• I don't think its black and white, and that its more complex than the question you're asking.Socialization (done right, not just getting the dog out and exposing them willy nilly regardless of the dog's reaction) can move the dog to a better place on her genetically and epigenetically determined range of abilities as far as social skills go. Epigenetics refers to other elements such as chemical, hormone, and temperature that can affect genetics output- for instance, identical twin calico cats express their genes differently resulting in different looking coats. There is evidence of certain elements in utero affecting dog's abilility to handle stress later in life, and although there isn't evidence yet, I've heard from enough people that their raw fed pups don't go through fear periods that I suspect nutrition has a role also.Since genetics are involved in breed differences, its pretty easy to see that genetics play a role- much easier to socialize a typical golden than a typical tervuren. The golden meets a man and has a good experience, thinks that men are great. The terv meets a man and has a good experience, thinks THAT man is great, the jury is still out on men who wear beards, different hats, taller, etc. And intra-breed differences exist as well, but are more difficult to pinpoint. Some lines are more prone to shyness (well established genetic component), others to different temperament issues.Determining where the issues are can be complex, and sometimes difficult or impossible to determine. Certainly good training can help, but often isn't the complete answer.

    • excusez-moi, mademoiselle je ne maîtrise pas trop l' anglais je vais m' efforcé de vous répondre en français. Le chien est l' animal par exellence qui a été conditionné par l' homme dès son appariton sur la planète, génétiquement parlant, ce sont tous ces repères à la fois physiques, géographiques et relationnelles ( affectives) qui prédominent chez notre ami le chien qui de surcroit a marqué irrémédiablement ces cellules que l' on retrouve dans ce que l' on appel les gênes, la communication en générale entre êtres vivants et d' ordre vibratoire, inconsciement nous emmetons des ondes (vibrations) qui sont tout de suite captées par nos amis les chiens ils sont par essence même ce que l' on a conditionné il y a plus de quelques siècles, en tous cas je ferais facilement confiance à cet ami là qu' à un humain, une toute petite précision considéré que le chien est doté d' une intelligence à ne pas être contesté ce qui signifie que nous devons le considéré comme un ami a friend et non de maître à chien. merci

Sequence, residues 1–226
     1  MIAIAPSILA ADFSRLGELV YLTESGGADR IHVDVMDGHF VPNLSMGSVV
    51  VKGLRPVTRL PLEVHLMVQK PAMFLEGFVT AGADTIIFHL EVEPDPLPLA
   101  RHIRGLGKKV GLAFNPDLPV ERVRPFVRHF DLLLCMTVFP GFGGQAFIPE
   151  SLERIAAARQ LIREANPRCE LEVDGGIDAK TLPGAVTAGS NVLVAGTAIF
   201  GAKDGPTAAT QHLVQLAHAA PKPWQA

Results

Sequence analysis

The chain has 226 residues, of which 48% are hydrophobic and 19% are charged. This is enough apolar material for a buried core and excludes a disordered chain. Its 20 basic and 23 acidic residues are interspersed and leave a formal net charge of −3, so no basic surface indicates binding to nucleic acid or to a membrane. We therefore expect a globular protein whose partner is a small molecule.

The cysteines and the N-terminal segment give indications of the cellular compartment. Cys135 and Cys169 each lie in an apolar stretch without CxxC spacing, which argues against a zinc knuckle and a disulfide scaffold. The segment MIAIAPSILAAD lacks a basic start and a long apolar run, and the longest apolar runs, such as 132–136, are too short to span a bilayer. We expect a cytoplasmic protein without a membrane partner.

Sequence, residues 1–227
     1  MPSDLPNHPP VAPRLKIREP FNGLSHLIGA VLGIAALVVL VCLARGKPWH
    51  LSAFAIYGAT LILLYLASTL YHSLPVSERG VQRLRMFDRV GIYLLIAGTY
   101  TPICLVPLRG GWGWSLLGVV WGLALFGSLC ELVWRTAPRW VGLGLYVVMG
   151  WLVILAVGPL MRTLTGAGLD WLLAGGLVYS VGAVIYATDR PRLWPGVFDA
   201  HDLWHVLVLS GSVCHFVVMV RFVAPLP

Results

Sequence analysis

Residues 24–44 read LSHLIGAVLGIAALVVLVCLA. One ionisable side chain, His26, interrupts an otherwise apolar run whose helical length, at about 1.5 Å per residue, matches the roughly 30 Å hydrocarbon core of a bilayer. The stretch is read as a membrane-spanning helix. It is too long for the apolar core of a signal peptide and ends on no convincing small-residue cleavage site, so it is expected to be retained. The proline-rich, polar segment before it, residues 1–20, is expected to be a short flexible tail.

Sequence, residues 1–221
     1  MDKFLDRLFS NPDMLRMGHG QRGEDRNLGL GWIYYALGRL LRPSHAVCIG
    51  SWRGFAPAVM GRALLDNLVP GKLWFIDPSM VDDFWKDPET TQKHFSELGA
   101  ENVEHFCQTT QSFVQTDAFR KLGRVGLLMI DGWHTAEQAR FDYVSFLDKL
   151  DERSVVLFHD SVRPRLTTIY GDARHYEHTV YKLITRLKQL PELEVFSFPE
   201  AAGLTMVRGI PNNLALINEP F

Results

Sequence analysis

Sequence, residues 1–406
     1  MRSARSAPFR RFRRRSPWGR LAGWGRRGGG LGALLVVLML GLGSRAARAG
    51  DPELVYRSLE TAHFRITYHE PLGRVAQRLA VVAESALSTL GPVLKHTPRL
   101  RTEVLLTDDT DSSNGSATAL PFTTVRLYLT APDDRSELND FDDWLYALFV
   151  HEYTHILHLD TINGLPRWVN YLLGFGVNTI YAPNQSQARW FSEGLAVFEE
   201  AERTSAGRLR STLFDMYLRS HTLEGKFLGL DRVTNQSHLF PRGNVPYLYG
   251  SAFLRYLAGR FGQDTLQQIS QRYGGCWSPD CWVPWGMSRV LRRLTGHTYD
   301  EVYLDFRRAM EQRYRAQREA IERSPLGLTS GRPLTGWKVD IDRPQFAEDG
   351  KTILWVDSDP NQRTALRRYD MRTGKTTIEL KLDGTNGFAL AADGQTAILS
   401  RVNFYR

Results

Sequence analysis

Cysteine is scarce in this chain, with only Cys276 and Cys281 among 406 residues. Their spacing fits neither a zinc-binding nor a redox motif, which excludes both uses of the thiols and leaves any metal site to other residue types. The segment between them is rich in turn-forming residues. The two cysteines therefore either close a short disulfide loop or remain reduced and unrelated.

• I am with Loki, Greekman and Belle. Genetics determines what potential the dog has and determines what drives it has and how strong those drives are. I think its the biggest % of what the dog will ultimately be. Human imprinting (until the teething stage is over) is important in figuring out how the dog will react to external stimuli (this is learned behavior) and how it will see you (the handler) and the rest of its pack. This is my opinion from my limited experience with dogs and some research. I also have a good example of this living with me at home. I have 2 dogs, a 2.5 year old doberman girl from show lines and a 7 month year old doberman puppy from working lines. both dogs are being brought up the same. the girl has 0 defense drive. She is not shy and doesn't care about noises, new situation, people etc, but will run away from assailant ( as i have seen with her in schutzhund training). she has some pray drive, but will never make a good guard dog. She likes people and loves other dogs. She is not pushy and would rather do something she really hates than face confrontation. My boy on the other hand has a lot of pray drive and defense drive, he will fall over, choke himself and do anything and everything to get to the helper at training. He has been this way since his first trip to the training field at 12 weeks of age, he is aloof to strangers and could care less about other dogs. He tests his boundaries daily and tests me all the time. Both dogs do very well with new situation, noises, mail man, vacuum cleaner, hair dryers, fireworks, thunderstorms, gunshots. I think this is their learned behavior and early exposure.